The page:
My capital is up 6.9% since about 2 weeks ago and I have placed many trades. Granted it was after a fall from 16.2% 1 week ago where I made a rookie mistake (last monday) and lost a lot of profits. Thankfully I learned something from it...so cheap lesson

Last edited by Nowler; Oct 2, 2017 at 3:56pm.
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Old Oct 6, 2017, 12:33am   #12
Joined Sep 2017
Nowler started this thread I just realised that my broker doesn't show gaps on my charts...
Hmmm
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Old Oct 6, 2017, 1:57pm   #13
Joined Sep 2017
Nowler started this thread Month 4 - Week 3:

A good 24 hours for me and the NFP was also good to me.
Currently up about 7.5%

Just waiting on the GBP/USD to drop a bit lower to my TP and also to see what's going to happen with the CAD/SGD. The latter is still costing me about .2% or so...but the Canadians do have a release soon, so I might hold out for that.

All in all, a good way to close out the week!
And I have been offered a few hours working in the local bar!! On an ad hoc basis, but still...awesome for me!


EDIT: Scratch that, closed the CAD/SGD...it wasnt doing what I have predicted, so I no longer know what's going on. Bail out

Last edited by Nowler; Oct 6, 2017 at 2:07pm.
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Old Oct 6, 2017, 2:31pm   #14
 
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Joined Jul 2017
Quote:
Originally Posted by Nowler View Post

As a matter of fact, what do you folks think about me aiming for 10% per week?
I will not try to force it obviously. If the trade isnt there then it isnt there... I'll class anything over 5% as a successful week.
Hello Gavin, I like your story and admire your openness, so I really hate to burst your bubble, but those numbers are just crazy, consider the most successful hedge fun in history is averaging 70% per year! Any hedge fund above let say 20% (2xthe market) on average per year is consider very good...

Here are calculations with 5% a week over 10 years with staring capital of $1000 = you'll have $185 437 424 464 626 and will be the richest man in the world... Here is the result for your 10% for just 5 years: $25 547 139 533 267 132 , I don't think we have that many grains of sand on the planet...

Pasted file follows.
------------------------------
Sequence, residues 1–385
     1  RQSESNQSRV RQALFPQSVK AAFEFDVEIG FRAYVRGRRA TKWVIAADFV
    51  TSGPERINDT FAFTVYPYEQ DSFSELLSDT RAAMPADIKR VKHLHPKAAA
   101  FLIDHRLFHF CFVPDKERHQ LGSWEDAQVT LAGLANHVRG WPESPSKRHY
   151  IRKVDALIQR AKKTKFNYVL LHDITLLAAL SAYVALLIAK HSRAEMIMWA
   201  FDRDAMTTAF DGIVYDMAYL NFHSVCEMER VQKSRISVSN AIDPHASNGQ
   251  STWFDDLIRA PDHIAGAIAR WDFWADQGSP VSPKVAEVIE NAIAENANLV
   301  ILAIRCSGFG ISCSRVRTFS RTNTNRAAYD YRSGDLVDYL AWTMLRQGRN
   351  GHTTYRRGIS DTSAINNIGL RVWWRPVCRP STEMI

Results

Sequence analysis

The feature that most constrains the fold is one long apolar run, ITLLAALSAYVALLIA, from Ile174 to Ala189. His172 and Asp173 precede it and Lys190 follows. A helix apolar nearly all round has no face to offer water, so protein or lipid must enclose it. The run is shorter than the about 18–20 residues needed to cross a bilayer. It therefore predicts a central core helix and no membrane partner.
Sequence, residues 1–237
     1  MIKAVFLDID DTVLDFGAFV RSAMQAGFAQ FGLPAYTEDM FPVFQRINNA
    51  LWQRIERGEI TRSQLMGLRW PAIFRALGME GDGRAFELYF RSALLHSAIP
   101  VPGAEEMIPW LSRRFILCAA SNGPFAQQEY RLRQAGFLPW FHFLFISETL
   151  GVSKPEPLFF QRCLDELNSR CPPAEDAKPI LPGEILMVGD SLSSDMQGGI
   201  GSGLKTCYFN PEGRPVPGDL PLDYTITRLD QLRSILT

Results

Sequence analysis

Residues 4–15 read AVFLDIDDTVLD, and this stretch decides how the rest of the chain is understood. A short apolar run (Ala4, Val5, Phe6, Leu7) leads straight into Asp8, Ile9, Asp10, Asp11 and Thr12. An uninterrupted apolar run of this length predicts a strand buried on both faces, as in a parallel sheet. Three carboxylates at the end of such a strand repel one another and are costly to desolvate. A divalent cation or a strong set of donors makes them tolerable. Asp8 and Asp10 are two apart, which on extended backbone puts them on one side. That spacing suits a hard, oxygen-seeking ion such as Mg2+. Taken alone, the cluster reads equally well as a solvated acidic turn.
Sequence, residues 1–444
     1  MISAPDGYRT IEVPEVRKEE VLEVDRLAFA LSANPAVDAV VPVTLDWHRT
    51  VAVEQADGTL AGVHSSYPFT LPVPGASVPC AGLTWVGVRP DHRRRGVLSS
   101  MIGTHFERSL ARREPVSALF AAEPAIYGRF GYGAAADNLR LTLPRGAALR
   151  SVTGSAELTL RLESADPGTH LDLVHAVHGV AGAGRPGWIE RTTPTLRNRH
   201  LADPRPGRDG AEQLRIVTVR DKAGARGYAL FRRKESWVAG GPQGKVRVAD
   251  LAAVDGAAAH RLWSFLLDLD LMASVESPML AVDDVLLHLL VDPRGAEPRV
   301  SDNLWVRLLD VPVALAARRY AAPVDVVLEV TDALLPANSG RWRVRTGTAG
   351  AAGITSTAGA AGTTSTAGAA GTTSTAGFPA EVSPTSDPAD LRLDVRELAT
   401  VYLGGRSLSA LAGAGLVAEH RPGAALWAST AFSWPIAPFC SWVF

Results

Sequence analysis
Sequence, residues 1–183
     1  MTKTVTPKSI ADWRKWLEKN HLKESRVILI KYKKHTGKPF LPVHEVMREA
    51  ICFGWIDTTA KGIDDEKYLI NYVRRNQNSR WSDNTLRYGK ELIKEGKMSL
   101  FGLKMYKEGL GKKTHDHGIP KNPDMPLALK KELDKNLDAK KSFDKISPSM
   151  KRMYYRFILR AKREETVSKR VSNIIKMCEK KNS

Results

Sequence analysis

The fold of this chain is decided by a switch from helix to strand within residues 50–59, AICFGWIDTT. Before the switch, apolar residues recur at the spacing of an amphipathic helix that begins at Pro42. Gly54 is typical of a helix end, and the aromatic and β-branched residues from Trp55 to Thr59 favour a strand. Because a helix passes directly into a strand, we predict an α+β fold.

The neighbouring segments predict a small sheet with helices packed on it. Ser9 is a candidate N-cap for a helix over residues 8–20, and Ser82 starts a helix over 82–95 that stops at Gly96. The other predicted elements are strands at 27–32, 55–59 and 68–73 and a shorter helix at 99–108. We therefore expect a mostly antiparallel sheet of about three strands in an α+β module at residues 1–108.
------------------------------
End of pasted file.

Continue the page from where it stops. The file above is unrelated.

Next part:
Frankly speaking you cannot make living with starting capital of $1000, $10000 or even $100000 , so the faster you realize it, the better it would be for you...

Sorry mate...
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"If you don't find a way to make money while you sleep, you will work until you die." Warren Buffett, CEO of Berkshire Hathaway.

My number 1 trading rule: EDUCATE YOURSELF!

Before you trade even single penny on the stock market, please spend the time and educate yourself by back testing different trading strategies and ideas - go to eBay and search for "historical stock market data", you can buy 20 years of data for less than $100 - that's all you need to start.
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Old Oct 6, 2017, 3:37pm   #15
 
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Hi Nowler, I gave you your first thumbs up, good luck & don't let me down
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if you have a little volatility, half an idea where sh^t will turn, and a reasonable stop, I might be able to start making $ off this venture
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Old Oct 6, 2017, 4:48pm   #16
Joined Sep 2017
Nowler started this thread
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Originally Posted by Quantt View Post
Hello Gavin, I like your story and admire your openness, so I really hate to burst your bubble, but those numbers are just crazy, consider the most successful hedge fun in history is averaging 70% per year! Any hedge fund above let say 20% (2xthe market) on average per year is consider very good...

Here are calculations with 5% a week over 10 years with staring capital of $1000 = you'll have $185 437 424 464 626 and will be the richest man in the world... Here is the result for your 10% for just 5 years: $25 547 139 533 267 132 , I don't think we have that many grains of sand on the planet...

Frankly speaking you cannot make living with starting capital of $1000, $10000 or even $100000 , so the faster you realize it, the better it would be for you...

Sorry mate...
Hello and thanks for the input my friend!
I also really appreciate the cautiousness at letting me down

I may be incorrect about making, on average, 10% per week. It was just a figure I was currently around at the time and I wanted to set a target. If it's less then it's less. I am only 4 months and 3 weeks knowing what trading is. I do however disagree with some of what you say, or at least accuracy of some of it.

I noticed your name and immediately noticed that we have considerable polar opposite machine parts in our systems. In fact, one could probably easily argue that you are the one with cogs in the machine and that my "machine" is run by different parts...perhaps some sort of adjustable pulley system.

I read your profile in order to build up a mental representation of who you are as a trader and where you're coming from. It seems that you are a strong believer in mechanical trading? As opposed to discretionary trading? In fact, you would probably deem discretionary trading as a very bad idea? Would this be correct?

As I said, I may very well be wrong. I have no long standing impression of this trading world, so who am I to say you are wrong? But I really must (with my shallow pool of trading experience) disagree to some point with what you said.